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W. Shakespeare's Sonnet CXXX

A typical sonnet of the time which uses lofty comparisons to praise a beloved idol is given below. There are many others, and the tradition of fulsome praise in this vein stretches back to Petrarch and his sonnets to Laura. E.g. 


The way she walked was not the way of mortals 
but of angelic forms, and when she spoke 
more than an earthly voice it was that sang: 

a godly spirit and a living sun 
was what I saw, and if she is not now, 
my wound still bleeds, although the bow's unbent. 
Canzoniere 90, trans. Mark Musa.

My Lady's hair is threads of beaten gold; 
  Her front the purest crystal eye hath seen; 
Her eyes the brightest stars the heavens hold;
 
  Her cheeks, red roses, such as seld have been; 
Her pretty lips of red vermilion dye;
 
  Her hand of ivory the purest white; 
Her blush AURORA, or the morning sky.
 
  Her body is the saint that I adore;
 
Her smiles and favours, sweet as honey be.
 
  Her feet, fair THETIS praiseth evermore. 

By Bartholomew Griffin. Published 1596


















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My mistress' eyes are
nothing like the sun;

Coral is far more red, than her lips red:

If snow be white,
why then her breasts are dun;

If hairs be wires,
black wires grow on her head.

I have seen roses damasked,
red and white,

But no such roses see I in her cheeks;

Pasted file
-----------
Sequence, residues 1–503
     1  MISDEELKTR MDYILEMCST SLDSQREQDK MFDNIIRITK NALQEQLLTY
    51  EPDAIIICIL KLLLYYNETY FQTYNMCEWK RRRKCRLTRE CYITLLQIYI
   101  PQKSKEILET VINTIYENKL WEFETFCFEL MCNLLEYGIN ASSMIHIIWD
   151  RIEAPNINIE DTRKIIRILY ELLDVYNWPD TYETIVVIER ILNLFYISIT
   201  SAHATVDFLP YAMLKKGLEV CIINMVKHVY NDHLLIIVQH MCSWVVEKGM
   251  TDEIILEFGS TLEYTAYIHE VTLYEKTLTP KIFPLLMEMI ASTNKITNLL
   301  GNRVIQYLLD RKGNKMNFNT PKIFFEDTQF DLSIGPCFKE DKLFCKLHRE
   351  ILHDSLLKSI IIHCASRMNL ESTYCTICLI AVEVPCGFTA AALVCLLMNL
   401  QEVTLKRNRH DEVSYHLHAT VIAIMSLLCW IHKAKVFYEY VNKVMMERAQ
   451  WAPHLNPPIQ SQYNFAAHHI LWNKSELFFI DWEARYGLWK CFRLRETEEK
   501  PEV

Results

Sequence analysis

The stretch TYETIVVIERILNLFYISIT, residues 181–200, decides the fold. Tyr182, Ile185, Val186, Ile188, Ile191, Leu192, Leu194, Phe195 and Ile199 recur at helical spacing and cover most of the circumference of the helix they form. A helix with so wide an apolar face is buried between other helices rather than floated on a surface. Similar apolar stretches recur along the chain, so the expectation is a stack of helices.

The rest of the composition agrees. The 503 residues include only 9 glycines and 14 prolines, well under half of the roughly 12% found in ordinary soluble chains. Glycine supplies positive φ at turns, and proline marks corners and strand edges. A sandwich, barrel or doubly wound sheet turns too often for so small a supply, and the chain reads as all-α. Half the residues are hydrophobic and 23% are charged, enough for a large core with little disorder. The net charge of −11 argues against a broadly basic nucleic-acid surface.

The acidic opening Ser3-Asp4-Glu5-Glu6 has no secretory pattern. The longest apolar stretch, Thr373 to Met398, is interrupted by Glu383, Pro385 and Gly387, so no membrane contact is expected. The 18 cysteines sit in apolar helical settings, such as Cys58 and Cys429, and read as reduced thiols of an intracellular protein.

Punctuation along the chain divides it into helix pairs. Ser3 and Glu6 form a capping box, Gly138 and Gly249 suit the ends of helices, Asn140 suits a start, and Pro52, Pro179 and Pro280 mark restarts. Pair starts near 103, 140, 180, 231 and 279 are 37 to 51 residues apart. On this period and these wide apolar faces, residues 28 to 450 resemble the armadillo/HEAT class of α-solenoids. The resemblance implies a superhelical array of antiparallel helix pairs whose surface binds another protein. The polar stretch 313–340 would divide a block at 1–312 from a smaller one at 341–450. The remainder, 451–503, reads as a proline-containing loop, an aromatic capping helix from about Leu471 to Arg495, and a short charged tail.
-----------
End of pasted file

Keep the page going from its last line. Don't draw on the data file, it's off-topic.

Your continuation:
And in some perfumes
is there more delight

Than in the breath that
from my mistress reeks.

I love to hear her speak,
yet well I know

That music hath a far
more pleasing sound:

I grant I never saw a goddess go, 

My mistress, when she walks,
treads on the ground:

   

And yet by heaven,
I think my love as rare,

As any she belied with false compare.

hello_html_mda8c0e4.png

My mistress' eyes are
nothing like the sun;

Coral is far more red, than her lips red:

If snow be white,
why then her breasts are dun;

If hairs be wires,
black wires grow on her head.

I have seen roses damasked,
red and white,

But no such roses see I in her cheeks;

And in some perfumes
is there more delight

Than in the breath that
from my mistress reeks.

I love to hear her speak,
yet well I know

That music hath a far
more pleasing sound:

I grant I never saw a goddess go, 

My mistress, when she walks,
treads on the ground:

   

And yet by heaven,
I think my love as rare,

As any she belied with false compare.





W. Shakespeare's Sonnet CXXX
  • Иностранные языки
Описание:

A typical sonnet of the time which uses lofty comparisons to praise a beloved idol is

given below. There are many others, and the tradition of fulsome praise in this vein

stretches back to Petrarch and his sonnets to Laura. E.g.

The way she walked was not the way of mortals

but of angelic forms, and when she spoke

more than an earthly voice it was that sang:

a godly spirit and a living sun

was what I saw, and if she is not now,

my wound still bleeds, although the bow's unbent.

Canzoniere 90, trans. Mark Musa.

My Lady's hair is threads of beaten gold;

Her front the purest crystal eye hath seen;

Her eyes the brightest stars the heavens hold;

Her cheeks, red roses, such as seld have been;

Her pretty lips of red vermilion dye;

Her hand of ivory the purest white;

Her blush AURORA, or the morning sky.

Her body is the saint that I adore;

Her smiles and favours, sweet as honey be.

Her feet, fair THETIS praiseth evermore.

By Bartholomew Griffin. Published 1596

Автор Зейтуллаев Осман Люманович
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